Salamander Is Secretive and Seldom Seen Garden Inhabitant
BY SUZANNE GULDIMANN
The slender salamander is a master of subterfuge. This small amphibian is reportedly the most common salamander in Southern California and can be found during the rainy season throughout Malibu—often living almost underfoot—but it's rarely identified unless the viewer knows what they are looking at, because the slender salamander is easily mistaken for an earthworm.
A small salamander that lives up to the adjective "slender," this garden resident rarely grows to a length of more than four or five inches—most of that consisting of tail. It has short, almost vestigial limbs, and a body shape and texture that enable it to pass itself off as a worm, unless the observer takes a second look and notices a pair of beady eyes.
Slender salamanders do not have lungs. They breath through their skin. The local species reportedly lives entirely on land, rarely traveling more than a few yards in their entire lifetime. Unlike most salamander species, slender salamanders do not have an aquatic larval phase.
According to an article written by Elizabeth Jockuschi, Inigo Martinez-Solano, Robert Hansen and David Wake on morphological and molecular diversification of slender salamanders that was published in the journal Zootaxa earlier this year, "Slender salamanders of the genus Batrachoseps (Caudata: Plethodontidae: Batrachosepini) are the most diverse clade of salamanders in western North America.
Wake, who has conducted extensive research on the genus, has identified numerous species of California slender salamander since the 1970s, helping to bring the total number of identified species to 19, up from just two.
The paper indicates that Batrachoseps "is thought to be the sister taxon of the Neotropical salamander clade." The current theory suggests the California's slender salamanders arrived in their current range by riding the Pacific techtonic plate north over the course of millions of years.
According to the National Park Service, Malibu's slender salamander population appears to consist primarily of B. nigriventris, the black-bellied slender salamander, and B. pacificus, the Pacific slender salamander.
All members of the Batrachoseps family are only active during wet weather when temperatures are moderate. They retreat underground to estivate during much of the year, reviving during the first rains of autumn, although year-round irrigation may increase their period of activity.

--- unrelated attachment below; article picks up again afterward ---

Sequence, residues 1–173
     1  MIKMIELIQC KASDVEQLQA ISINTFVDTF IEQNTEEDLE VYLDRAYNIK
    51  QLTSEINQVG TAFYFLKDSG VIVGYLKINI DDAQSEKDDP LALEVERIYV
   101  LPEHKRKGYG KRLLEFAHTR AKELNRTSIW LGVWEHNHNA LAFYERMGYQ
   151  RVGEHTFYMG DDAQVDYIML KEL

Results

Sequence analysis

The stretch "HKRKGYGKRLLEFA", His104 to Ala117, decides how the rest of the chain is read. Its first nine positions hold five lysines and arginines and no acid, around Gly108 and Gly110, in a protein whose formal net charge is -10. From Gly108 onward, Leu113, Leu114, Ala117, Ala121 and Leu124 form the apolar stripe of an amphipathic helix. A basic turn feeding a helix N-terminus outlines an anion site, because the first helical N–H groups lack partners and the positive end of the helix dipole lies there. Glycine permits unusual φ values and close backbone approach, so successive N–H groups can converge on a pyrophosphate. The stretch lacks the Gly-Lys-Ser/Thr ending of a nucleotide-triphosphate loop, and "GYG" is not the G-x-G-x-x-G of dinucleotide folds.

In Malibu at this time of year, Batrachoseps can often be found under plant pots, stones, dead leaves or even in the cracks between garden paving materials like un-cemented brick.
Slender salamanders are thought to live on a diet of small insects and other invertebrates. They are believed to make use of earthworm tunnels, where their worm-like bodies can easily travel, although not much appears to actually be known about their life cycle.
Young slender salamanders hatch directly from eggs laid in damp places on land, unlike most salamanders, which transition through an aquatic larval stage. The young hatch from the egg directly into a tiny terrestrial salamander that looks like a miniature version of the adult.
Usually only found under rocks, logs, bark, leaf litter, and other surface debris, the slender salamander will roll itself into a tight coil and attempt to avoid detection by remaining completely still and pretending to be a worm. They can move surprisingly fast and can also drop, or detach, their tails, in an attempt to distract potential enemies.
The slender salamander is completely harmless to humans and acts as a beneficial bug hunter in the garden.
Malibuites can help this small, rarely seen backyard resident by limiting or eliminating the use of pesticides and herbicides, by remembering to be careful when moving pots and by keeping an eye out for individuals that may wander accidentally into pools, fountains or houses.